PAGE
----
Toru TAKEMITSU (1930-1996)
From me flows what you call time (1990)* [34:22]
Dmitri SHOSTAKOVICH (1906-1975)
Symphony No. 5 in D minor, Op. 47 (1937) [51:10]
Raphael Haeger, Simon Rössler, Franz Schindlbeck, Jan Schlichte, Wieland Welzel (percussion)*
Berliner Philharmoniker/Yutaka Sado
rec. live, 20 May 2011, Philharmonie, Berlin
Bonus: interview with the conductor [16:00]
Director: Michael Beyer
Picture: 16:9/1080i Full HD
Sound: PCM stereo, dts-HD Master Audio 5.1
Region: all (worldwide)
Subtitles: English, Japanese (bonus)
EUROARTS BLU-RAY 2058744 [91:00 + 16:00]

The sobering sticker on both the Blu-ray and DVD indicates that by purchasing these discs you are supporting victims of the Japanese earthquake and tsunami. So in this spirit of global solidarity it’s appropriate to preface the Shostakovich with a piece by Toru Takemitsu, a composer whose music fuses east and west so successfully. On the podium is Kyoto-born Yutaka Sado, who’s new to me, so I was disappointed to find no biography – however brief – in the booklet. That said, a quick Google reveals he is a protégé of Seiji Ozawa, and that this concert marked his Berlin debut.
For this review I’ve watched both the Blu-ray and the DVD, as I was keen to see how they compare in terms of picture and sonics. I’ve certainly extolled the virtues of the newer format, the high-definition sound of which is generally superior to that of the older one; I’m hedging my bets here, as I’ve discovered some DVDs are quite good in technical terms, and that a worrying number of Blu-rays are rather mediocre. And given that the latter sells at a premium over the equivalent DVD – typically 20% – that just isn’t good enough. Naturally the music is the priority here, but at least I can now compare two identical performances and determine, in this case at least, whether Blu-ray really is worth the extra outlay.
From me flows what you call time, based on a poem by the Japanese poet Makota Doka, has a strong visual element that really comes to life on video; the five percussionists, who make their way on to the stage as the piece begins, are dressed in red (fire), blue (water), green (wind), yellow (earth) and white (sky), the long ribbons to the left and right of the orchestra representing the colours of the Tibetan flag. These vibrant, eye-catching tones are complemented most beautifully by the ear-catching ones produced by this exotic array of instruments.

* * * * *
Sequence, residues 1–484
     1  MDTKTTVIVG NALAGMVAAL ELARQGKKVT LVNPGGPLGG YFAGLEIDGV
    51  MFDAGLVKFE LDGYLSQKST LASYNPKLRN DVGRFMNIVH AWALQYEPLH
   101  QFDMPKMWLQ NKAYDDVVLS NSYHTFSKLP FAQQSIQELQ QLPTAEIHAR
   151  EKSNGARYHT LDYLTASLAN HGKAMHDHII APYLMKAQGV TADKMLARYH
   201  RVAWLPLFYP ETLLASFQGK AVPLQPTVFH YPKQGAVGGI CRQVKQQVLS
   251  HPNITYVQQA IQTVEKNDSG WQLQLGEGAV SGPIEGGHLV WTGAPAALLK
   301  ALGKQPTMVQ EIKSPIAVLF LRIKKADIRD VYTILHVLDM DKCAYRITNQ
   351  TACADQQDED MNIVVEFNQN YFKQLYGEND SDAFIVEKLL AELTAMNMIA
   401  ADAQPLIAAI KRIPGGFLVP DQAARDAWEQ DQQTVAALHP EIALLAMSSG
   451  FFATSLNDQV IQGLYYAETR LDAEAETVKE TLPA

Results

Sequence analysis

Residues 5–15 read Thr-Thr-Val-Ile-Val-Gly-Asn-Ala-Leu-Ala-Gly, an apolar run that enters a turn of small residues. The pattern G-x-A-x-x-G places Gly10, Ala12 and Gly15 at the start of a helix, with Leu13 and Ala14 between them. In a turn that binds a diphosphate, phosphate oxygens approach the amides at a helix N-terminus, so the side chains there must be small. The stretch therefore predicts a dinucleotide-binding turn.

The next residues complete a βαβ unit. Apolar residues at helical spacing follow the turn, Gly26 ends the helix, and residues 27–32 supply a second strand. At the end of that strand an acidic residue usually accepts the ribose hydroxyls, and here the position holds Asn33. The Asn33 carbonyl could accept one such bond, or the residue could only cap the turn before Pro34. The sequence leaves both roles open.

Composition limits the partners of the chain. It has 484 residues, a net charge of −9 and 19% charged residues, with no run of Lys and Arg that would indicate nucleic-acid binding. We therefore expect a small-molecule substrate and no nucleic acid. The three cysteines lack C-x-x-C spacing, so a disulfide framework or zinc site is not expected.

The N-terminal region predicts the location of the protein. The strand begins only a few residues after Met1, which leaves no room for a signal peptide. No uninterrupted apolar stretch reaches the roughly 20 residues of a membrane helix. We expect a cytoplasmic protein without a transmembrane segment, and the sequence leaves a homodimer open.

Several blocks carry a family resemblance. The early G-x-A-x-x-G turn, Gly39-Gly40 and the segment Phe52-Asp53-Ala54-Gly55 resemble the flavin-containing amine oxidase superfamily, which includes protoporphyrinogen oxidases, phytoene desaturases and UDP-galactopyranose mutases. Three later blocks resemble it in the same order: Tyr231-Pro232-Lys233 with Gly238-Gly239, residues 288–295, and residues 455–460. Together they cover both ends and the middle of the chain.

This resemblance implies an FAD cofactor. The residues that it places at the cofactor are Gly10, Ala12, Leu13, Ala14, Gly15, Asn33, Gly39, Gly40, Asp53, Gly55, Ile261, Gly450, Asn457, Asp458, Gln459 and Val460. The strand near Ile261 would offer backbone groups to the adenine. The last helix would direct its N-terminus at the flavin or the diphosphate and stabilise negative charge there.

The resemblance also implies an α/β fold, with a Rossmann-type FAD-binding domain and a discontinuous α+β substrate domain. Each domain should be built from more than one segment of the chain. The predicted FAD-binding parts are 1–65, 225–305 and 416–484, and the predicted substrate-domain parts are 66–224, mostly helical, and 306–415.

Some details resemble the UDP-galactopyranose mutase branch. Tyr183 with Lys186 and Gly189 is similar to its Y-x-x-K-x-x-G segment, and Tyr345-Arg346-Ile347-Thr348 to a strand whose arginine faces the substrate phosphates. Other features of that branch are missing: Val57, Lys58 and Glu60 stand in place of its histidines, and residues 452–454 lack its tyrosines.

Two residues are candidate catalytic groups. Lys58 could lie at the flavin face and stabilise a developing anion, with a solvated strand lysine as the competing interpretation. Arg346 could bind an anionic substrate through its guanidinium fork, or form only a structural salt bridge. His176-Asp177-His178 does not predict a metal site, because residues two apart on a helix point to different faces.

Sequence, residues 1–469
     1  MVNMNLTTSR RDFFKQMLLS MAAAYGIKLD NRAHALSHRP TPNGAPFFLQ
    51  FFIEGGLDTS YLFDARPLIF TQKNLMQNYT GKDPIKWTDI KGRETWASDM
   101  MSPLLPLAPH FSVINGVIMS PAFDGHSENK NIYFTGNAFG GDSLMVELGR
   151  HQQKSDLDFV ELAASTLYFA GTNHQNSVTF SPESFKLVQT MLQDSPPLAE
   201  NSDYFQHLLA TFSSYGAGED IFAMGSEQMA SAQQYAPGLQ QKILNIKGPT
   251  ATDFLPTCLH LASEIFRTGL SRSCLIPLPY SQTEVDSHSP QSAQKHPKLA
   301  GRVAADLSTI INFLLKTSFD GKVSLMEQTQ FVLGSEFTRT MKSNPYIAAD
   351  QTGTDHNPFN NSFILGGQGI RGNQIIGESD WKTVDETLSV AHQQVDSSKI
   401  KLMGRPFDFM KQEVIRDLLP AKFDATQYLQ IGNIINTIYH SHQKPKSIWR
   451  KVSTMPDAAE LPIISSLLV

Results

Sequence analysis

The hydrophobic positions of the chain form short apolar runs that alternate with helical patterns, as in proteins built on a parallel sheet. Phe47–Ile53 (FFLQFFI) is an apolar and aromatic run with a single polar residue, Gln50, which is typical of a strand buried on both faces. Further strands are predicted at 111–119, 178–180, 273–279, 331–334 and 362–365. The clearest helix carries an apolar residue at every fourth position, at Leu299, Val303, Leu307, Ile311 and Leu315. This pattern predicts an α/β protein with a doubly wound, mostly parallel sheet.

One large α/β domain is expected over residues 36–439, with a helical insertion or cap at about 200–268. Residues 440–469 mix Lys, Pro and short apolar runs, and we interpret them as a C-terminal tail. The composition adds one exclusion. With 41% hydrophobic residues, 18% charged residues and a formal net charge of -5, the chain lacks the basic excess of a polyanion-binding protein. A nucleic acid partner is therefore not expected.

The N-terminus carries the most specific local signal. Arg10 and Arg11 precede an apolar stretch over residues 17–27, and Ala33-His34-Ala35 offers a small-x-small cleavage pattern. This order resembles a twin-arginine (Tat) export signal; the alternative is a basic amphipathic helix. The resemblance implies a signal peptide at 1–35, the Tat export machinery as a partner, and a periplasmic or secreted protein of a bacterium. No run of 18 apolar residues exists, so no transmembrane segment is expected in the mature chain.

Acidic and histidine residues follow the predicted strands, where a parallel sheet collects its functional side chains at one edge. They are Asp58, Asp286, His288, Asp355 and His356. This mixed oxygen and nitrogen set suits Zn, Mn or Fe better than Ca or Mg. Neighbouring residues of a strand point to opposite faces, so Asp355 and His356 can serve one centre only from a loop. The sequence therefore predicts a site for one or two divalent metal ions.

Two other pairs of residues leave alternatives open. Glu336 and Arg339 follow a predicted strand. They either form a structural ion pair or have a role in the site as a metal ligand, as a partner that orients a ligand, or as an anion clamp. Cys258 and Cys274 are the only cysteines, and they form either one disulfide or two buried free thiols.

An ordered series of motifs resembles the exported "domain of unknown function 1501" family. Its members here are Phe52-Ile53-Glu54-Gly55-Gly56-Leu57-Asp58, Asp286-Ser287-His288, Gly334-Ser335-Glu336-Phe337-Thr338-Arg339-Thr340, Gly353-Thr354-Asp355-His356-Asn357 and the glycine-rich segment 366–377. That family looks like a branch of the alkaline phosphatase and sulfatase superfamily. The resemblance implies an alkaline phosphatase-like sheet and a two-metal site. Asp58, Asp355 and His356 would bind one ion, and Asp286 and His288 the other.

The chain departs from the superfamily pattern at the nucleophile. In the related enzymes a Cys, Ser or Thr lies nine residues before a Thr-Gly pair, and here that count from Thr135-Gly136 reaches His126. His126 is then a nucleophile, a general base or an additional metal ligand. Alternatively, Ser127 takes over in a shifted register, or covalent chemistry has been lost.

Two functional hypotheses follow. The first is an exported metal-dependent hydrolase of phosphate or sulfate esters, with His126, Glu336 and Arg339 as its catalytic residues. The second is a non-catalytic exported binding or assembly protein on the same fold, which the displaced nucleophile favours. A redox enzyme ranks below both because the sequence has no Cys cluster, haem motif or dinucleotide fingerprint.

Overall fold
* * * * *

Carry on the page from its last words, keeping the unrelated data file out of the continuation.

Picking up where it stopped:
Anyone remotely familiar with this composer’s œuvre will recognise those rhythmic cells and subtly alternating sonorities, the work beginning with a solo flute melody of Debussian languor and loveliness. The dialogues between soloists – which seem like improvisation at times – are fascinating to watch, their sometimes unearthly timbres well caught by the engineers. It certainly doesn’t feel like a half-hour piece, such is the level of invention and interest, and I was surprised at how intensely moving it all is. Deeply satisfying, this is a perfect introduction to Takemitsu’s engrossing sound world.
I’d recommend a break at this point, as the profound sense of communion is apt to linger for quite some time. And one has to remember the tragic context in which this performance was given. The context of Shostakovich’s Fifth Symphony – ‘an artist’s reply to just criticism’ – is well documented, as is the debate about what the composer actually ‘says’ here. Watching the DVD of Leonard Bernstein’s performance with the LSO in 1966 – review – leaves one in little doubt about the latter; indeed, Lenny gives a blistering account of the finale that’s almost without peer. I say ‘almost’ because there are a number of fine performances on CD, although Bernstein leads the field on DVD. On Blu-ray there’s a version I’ve yet to see, from Michael Tilson Thomas and his San Francisco band. And that’s pretty much it.